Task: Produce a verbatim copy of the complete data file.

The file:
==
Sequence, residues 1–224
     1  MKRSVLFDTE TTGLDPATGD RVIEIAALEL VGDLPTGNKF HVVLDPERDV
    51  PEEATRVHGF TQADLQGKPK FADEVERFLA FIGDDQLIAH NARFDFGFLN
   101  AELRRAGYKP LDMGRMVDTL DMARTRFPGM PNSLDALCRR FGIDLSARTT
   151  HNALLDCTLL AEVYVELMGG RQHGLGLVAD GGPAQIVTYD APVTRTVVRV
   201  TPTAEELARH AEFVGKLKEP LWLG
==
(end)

Sequence, residues 1–224
     1  MKRSVLFDTE TTGLDPATGD RVIEIAALEL VGDLPTGNKF HVVLDPERDV
    51  PEEATRVHGF TQADLQGKPK FADEVERFLA FIGDDQLIAH NARFDFGFLN
   101  AELRRAGYKP LDMGRMVDTL DMARTRFPGM PNSLDALCRR FGIDLSARTT
   151  HNALLDCTLL AEVYVELMGG RQHGLGLVAD GGPAQIVTYD APVTRTVVRV
   201  TPTAEELARH AEFVGKLKEP LWLG